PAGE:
Friday, 27 February 2009
I've just finished reading Dennis Wheatley's 1948 novel, The Haunting of Toby Jugg, and while I guess it's over half a century too late for me to be offering a full review, there is one very important question that the book raises:
Did Dennis Wheatley genuinely believe that spiders only have six legs?
Our crippled hero, 'Toby', is haunted by a supernatural creature which at first he can only see vaguely, in shadow. His initial suspicion is that it is some kind of octopus, but when he manages to make out that it has only six legs, he realizes that that can't be the case (so clearly Wheatley's malacology is better than his entomology, although there's a clue in the word 'octopus', so maybe it's just a case of etymology).
Later on, it's revealed to him that the creature is a spider, albeit a giant one, summoned from Hell itself. As Toby describes it in his diary:
I now knew what it was that had thrown the Shadow. That round body and the six hairy, tentacle-like legs had been those of a spider without a doubt; but a spider the likes of which has never been recorded in this world.
Now, just because Toby doesn't know how many legs a spider has, doesn't mean Wheatley didn't. Perhaps the spider's missing limbs echo the paralysis of the hero's own two legs; if so, nothing is mentioned. Possibly the explanation was lost in an edit (if so, I'm pleased to say that copy-editing has improved vastly over the years - I'd never get something like that past them).
Or maybe Wheatley had just never bothered to look at a spider.
The cover illustration (Wordsworth Editions) certainly shows a spider with sufficient limbs to play Tarzan four times over, as does as least one other edition. Actually, this is a bit of an irritation. The fact that the creature that haunts Toby is a spider is meant to be something of a surprise when revealed (maybe the leg-count is deliberately intended to deflect our suspicions), and so the cover is a bit of a spoiler. Also, the illustration shows Toby on crutches, rather than in wheelchair, which is his sole transport in the text. But now I'm getting picky.
The biggest shock of the book is that not only is the villain a Satanist, but also a Communist, and that, in fact, the latter ism is and always has been merely a front for the former. Now this is something that I, like any right-thinking Englishman, have long suspected, but while Toby takes the Satanism pretty much in his stride, its the Communism that comes as the real shock. I mean, summoning gargantuan, leg-deprived spiders to scare a paralysed airmen into madness is one thing, but the workers controlling the means of production? Well, really!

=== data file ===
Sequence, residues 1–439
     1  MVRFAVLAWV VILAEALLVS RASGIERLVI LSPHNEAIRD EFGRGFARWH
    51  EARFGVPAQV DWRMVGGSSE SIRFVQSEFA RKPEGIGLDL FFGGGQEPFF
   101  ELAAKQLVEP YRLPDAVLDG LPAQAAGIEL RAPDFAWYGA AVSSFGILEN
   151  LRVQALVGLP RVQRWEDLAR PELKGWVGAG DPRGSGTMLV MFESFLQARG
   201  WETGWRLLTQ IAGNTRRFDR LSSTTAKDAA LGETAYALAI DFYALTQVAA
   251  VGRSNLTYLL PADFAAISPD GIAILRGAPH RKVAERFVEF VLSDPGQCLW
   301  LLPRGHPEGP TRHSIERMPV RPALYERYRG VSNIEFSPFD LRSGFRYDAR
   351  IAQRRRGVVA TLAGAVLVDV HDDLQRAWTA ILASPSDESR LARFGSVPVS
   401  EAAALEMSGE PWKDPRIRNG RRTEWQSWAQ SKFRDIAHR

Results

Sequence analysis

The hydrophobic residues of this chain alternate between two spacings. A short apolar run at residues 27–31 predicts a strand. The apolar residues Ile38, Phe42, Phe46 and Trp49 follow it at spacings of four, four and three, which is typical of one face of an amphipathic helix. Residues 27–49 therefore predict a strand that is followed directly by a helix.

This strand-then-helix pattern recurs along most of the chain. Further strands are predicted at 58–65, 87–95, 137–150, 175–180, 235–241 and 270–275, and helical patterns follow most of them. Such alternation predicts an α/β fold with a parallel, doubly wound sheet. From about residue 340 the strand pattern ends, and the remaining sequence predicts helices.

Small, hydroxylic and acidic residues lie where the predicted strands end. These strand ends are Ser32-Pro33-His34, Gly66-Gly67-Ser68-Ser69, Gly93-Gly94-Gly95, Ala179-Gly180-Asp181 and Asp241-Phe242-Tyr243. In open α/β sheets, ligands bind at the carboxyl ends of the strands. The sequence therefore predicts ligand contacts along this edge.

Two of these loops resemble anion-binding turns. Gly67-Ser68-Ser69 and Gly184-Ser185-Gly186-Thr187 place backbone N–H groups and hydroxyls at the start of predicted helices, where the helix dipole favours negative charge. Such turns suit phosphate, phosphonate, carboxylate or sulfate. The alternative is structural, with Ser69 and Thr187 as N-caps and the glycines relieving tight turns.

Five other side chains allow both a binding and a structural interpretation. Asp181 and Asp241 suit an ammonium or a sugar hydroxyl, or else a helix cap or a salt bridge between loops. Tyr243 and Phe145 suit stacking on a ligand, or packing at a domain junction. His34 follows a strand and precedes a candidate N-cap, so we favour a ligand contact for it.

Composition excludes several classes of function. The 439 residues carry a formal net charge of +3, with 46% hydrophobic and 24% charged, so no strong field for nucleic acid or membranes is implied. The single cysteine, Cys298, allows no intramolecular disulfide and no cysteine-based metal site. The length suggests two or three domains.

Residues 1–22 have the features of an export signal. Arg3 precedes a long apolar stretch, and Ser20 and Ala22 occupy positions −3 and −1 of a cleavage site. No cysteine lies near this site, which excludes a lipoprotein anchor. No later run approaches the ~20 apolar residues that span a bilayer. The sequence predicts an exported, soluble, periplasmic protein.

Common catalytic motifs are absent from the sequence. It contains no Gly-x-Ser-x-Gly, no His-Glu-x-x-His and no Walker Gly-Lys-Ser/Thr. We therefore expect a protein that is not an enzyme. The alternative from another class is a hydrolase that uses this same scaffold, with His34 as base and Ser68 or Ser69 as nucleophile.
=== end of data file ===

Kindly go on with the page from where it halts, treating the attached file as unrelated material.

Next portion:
Despite all this, it's still a fun read, certainly if your can accept it as an artifact of its time. There are some lovely passages within, such as:
Her blue eyes blazed, and she retorted: 'If you were not, one - a cripple; two - my patient; and three - suffering from erotomania, I would slap your face.'
I must try to slip that into my next novel - no one will notice.
Tuesday, 24 February 2009
I’ve spent the weekend trying to do something ostensibly rather simple; to wit, trying to make my website more accessible on mobile phones and similar devices. The actual work is fairly simple - just providing alternative pages which are smaller and generally less flashy, but still contain the same data. The only trick is for the web site to be able to determine whether it actually is being accessed by a mobile device or a full-blown browser, so that it can decide which version of the page to send back.
There’s a standard mechanism for this. When the browser makes its request it sends the web server a string (referred to as a User Agent) which, in simple terms, identifies the browser, but does not explicitly say whether it is a mobile browser, or provide any other detailed information. Back on the web server, there is a list of browser capabilities, and the web server looks through this list until it finds an entry matching the string sent from the browser. From that entry, it can see whether the browser is on a mobile device, what the screen width and height are, and much more besides. If it doesn’t find an exact match, it goes for the closest one it can find.
The problem is that this list of browsers has to be kept up to date - and generally it isn’t. For example, many web sites (I would guess most) incorrectly identify Google’s Chrome browser as Apple’s Safari - Chrome is, after all, relatively new on the scene. In this case, the differences don’t matter much, but more significant is the fact that a plethora of mobile browsers are identified as fully capable desktop browsers, simply because the browser capabilities list is unaware of their existence.
Ultimately, no one has taken responsibility to maintain a distributable, up-to-date list of browsers. Microsoft don’t, and even if they did, it would only work for sites that run ASP.Net - the Microsoft website technology. PHP users would still have to manage their own list (although conversion from one to the other should be petty straightforward). The are some not-for-profit sites that try to maintain lists, such as http://owenbrady.net/browsercaps/, but it’s matter of luck and dedication if these are up-to-date. There are also commercial products that provide the information, but they are too pricey for anything but serious commercial sites.
The people who have the knowledge, the ability and, ultimately, the motivation to make this information widely available are the browser manufacturers themselves. The more website designers can tailor their sites to specific browsers, the better the browsers look.
So come on browser manufacturers, pull your socks up. Send me your User Agent strings and your browsers capabilities, in any or all formats, an I’ll put together a website to make sure all web developers can access them. And then we’ll all be happy.
Send your browser capabilities to firstname.lastname@example.org.